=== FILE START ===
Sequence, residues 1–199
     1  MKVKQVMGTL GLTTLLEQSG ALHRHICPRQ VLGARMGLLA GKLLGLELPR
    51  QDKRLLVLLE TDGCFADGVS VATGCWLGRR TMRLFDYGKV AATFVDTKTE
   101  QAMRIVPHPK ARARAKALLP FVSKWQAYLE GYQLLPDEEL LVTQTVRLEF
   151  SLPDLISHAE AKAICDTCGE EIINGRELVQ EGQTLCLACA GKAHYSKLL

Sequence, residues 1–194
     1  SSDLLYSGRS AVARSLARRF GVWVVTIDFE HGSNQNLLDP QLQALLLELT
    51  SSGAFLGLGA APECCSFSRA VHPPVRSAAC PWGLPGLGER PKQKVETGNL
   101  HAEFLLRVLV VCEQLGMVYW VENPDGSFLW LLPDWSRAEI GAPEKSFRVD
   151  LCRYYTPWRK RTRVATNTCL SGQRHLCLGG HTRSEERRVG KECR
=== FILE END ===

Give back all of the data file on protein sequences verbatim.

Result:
Sequence, residues 1–199
     1  MKVKQVMGTL GLTTLLEQSG ALHRHICPRQ VLGARMGLLA GKLLGLELPR
    51  QDKRLLVLLE TDGCFADGVS VATGCWLGRR TMRLFDYGKV AATFVDTKTE
   101  QAMRIVPHPK ARARAKALLP FVSKWQAYLE GYQLLPDEEL LVTQTVRLEF
   151  SLPDLISHAE AKAICDTCGE EIINGRELVQ EGQTLCLACA GKAHYSKLL

Sequence, residues 1–194
     1  SSDLLYSGRS AVARSLARRF GVWVVTIDFE HGSNQNLLDP QLQALLLELT
    51  SSGAFLGLGA APECCSFSRA VHPPVRSAAC PWGLPGLGER PKQKVETGNL
   101  HAEFLLRVLV VCEQLGMVYW VENPDGSFLW LLPDWSRAEI GAPEKSFRVD
   151  LCRYYTPWRK RTRVATNTCL SGQRHLCLGG HTRSEERRVG KECR